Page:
And if your family is open-minded, consider just spicing up your entire meat.  That Thai Thanksgiving would come from the H Mart.  Or you could go Mexican.  Lily's Mexican Market sells spices to rub on the turkey.  Mexican chorizo for the sausage.  Maybe cactus for a side dish?  I can't serve that here, but there's always hope for you!

Monday, November 8, 2010

Did Maruha Japanese Steakhouse Close?

Has anyone been past the Hickory Ridge village center to see if Maruha Japanese Steakhouse is still serving sushi and hibachi?

There was a tweet yesterday from Theycallmef where he reported Maruha "dark and shuttered" on a Saturday night.  Maybe they were just closed for a night.  The restaurant only opened last year.

Link: El Hidalgo On HoCo Rising

El Hidalgo in Elkridge starts off with homemade salsa and kept pleasing HoCo Rising and Jane -- as reviewed on the HoCo Rising blog yesterday.

I still haven't been to the new, family-run restaurant.  I keep hearing a steady report of "good, authentic food" and "spotty service."  That was Rob Kaspar's review in the Sun, and it sounds like that was the scene when the bloggers ate Saturday night.

Twitter and Snapper From Frank's Seafood

I'm getting new fangled news from Frank's Seafood -- even as I'm trying to learn some old-fashioned grilling techniques.

The Jessup fish market has jumped on the Twitter bandwagon and started offering specials.  The retail outlet inside the wholesale fish market has more than 60 years experience, but they're on the new trend with their own Twitter feed -- which you can follow.

I stopped at Frank's Saturday and picked up a whole snapper.  Grilling whole fish remains one of my quests.  Everyone says it keeps the fish moist, and I have all kinds of cookbooks with suggestions to effortlessly lift fillets right off the bone.

The Laotian snapper tasted delicious.  Steven Raichlen's Planet Barbecue has lived up to my early review -- everything is delicious.  But I basically shredded the meat taking it off the fish.  (Mrs. HowChoe doesn't relish the tail, the skin or the eye socket on her plate.)  Served up with beets, chard from my garden, and a sliced baguette from Bon Fresco Sandwich Bakery in Columbia.

Frank's still has crabs.  For $30, you got two dozen #1 males.  Frank's sold me delicious crabs in August, and they were saying that they're even better at this time of year.  They also had oysters.  Several varieties, including a small wild Maryland variety and some farmed, larger bivalves from Virginia and beyond.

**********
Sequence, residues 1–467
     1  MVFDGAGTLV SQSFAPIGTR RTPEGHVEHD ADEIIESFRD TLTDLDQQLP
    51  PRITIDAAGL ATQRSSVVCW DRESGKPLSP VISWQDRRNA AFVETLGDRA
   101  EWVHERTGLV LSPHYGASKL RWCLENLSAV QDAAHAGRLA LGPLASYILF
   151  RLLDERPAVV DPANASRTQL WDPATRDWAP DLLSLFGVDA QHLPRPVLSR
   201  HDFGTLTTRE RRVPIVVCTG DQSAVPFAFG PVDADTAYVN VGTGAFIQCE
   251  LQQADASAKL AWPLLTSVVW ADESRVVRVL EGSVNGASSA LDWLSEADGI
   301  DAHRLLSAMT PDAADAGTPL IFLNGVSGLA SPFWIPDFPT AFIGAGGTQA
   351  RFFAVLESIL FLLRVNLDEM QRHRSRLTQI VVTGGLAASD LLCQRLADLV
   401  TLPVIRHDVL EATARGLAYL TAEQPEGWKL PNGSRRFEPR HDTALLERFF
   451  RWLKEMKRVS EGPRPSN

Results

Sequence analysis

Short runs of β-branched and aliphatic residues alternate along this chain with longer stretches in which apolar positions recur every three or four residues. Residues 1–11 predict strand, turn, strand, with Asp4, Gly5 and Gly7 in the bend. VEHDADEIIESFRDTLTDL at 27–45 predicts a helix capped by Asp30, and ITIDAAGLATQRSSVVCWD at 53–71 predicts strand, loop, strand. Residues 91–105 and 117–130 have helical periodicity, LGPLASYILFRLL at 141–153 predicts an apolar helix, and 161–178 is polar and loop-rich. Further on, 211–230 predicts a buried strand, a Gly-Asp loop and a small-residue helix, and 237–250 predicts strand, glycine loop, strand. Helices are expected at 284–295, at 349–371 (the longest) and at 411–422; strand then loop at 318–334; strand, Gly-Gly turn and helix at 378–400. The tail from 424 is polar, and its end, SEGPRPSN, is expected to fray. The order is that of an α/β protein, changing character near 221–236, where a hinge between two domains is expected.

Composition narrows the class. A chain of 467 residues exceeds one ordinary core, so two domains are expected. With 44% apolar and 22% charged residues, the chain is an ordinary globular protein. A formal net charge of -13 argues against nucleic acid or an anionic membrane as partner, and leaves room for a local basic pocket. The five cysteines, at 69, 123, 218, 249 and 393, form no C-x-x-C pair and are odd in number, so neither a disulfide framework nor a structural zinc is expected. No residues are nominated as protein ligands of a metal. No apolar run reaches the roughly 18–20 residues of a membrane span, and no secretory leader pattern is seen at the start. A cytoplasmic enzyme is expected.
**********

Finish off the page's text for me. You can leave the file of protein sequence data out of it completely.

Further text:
Are there any other Howard County restaurants using Twitter regularly?  DiamondbackTvrn, NottinghamsMD, Touche TouchetGrilledCheeseCo, ChefKloby and VictoriaGPub come to mind.  Anyone else that you recommend?

Friday, November 5, 2010

Touche Touchet Has Samples All Weekend -- As Discovered By A Hoco Politico Blog Investigation

Hoco Politico talks up Kloby's Smokehouse -- particulary the smoked turkey platter -- and then stops by Touche Touchet for coffee, carrot cake cupcakes, and samples in a post today.

The big discovery is that this weekend is the Columbia bakery's "open house."  They will have samples on Saturday and Sunday.  Touche Touchet is always worth your time, and you should enjoy a cool weekend with a sweet and a hot drink.

Sources say that early versions of the Hoco Politico post had photos of Hoco Politico buying two carrot cake cupcakes.  He appears to have revised so that he can tell Mrs. Politico that he only got one.  Oh, wait.  That's my plan for tomorrow.

Link: Sarah Says' Wonderful CSA

Sarah Says posts again about her CSA delivery and what she does with the vegetables.

I had figured that my CSA was going to inspire the same kinds of posts.  Unfortunately, mine was more of a learning experience -- new farmers, new consumer.  Good to have tried, but you need to read Sarah Says if you want real CSA inspiration.

(Hat tip to Hoco Rising, who does a great daily post where he writes himself and links to others.)

Link: Winter CSAs By Breezy Willow, Martin Herb

Two local farms will try to continue to sell local produce through the winter, reports the Ellicott City Patch, although they're not both really farm-based CSAs

Read the details carefully.  The Breezy Willow Farms in West Friendship will run a CSA from March to June.  Martin Herb Farm, which runs CSAs at Centennial High School in Ellicott City and at Pointers Run Elementary School in Clarksville, will run from December into early summer -- and it will mix local herbs and root vegetables mixed with locally-stored apples and produce imported from Florida.  Think of it as "thoughtfully-imported" rather than an actually locally-farmed.

Thursday, November 4, 2010

Columbia Wegmans -- The Building Is Going Up

After so much, the construction of the Columbia Wegmans has started to go up.  After years of waiting and months of knocking down trees and old warehouses, they're starting to build up, reports M.R. who took a photo yesterday.

Incredible that we need to wait until 2012, but it is good to see that they're pushing out.  Join the Facebook group.

(Update: It turns out that they're building a retaining wall.  I have never been so excited by a retaining wall.)

Remember that the Baltimore Sun's Mobbie's contest runs through Nov. 12 so please vote for HowChow.  You can vote once a day!

Wednesday, November 3, 2010

Did Curry N Spice Reopen In Columbia?

Poking around the Mango Grove Web site, I saw a map referencing the Curry N Spice carryout and Indian grocery.

Did this reopen?  I seem to remember that the Mango Grove owners started with Curry N Spice, but it had closed by the time I started driving around Columbia in 2005.  But the map says "Now Open!" with an address on Dobbin Road.

Best Lunches Around Columbia; Help The Patchers

With AOL's new Patch site, Columbia gets a new daily journalist -- and one who needs somwhere to eat.

David graduated from Wilde Lake a decade ago, and he is back now to cover his old home town.  Lunchtime, I'm mostly in Washington, but I was recently tweeting with David about lunch and thinking about Sidamo's sandwiches.  Even though reporters never got paid enough to eat out every noon, it's fun to grab a bite and to show the journalistic flag.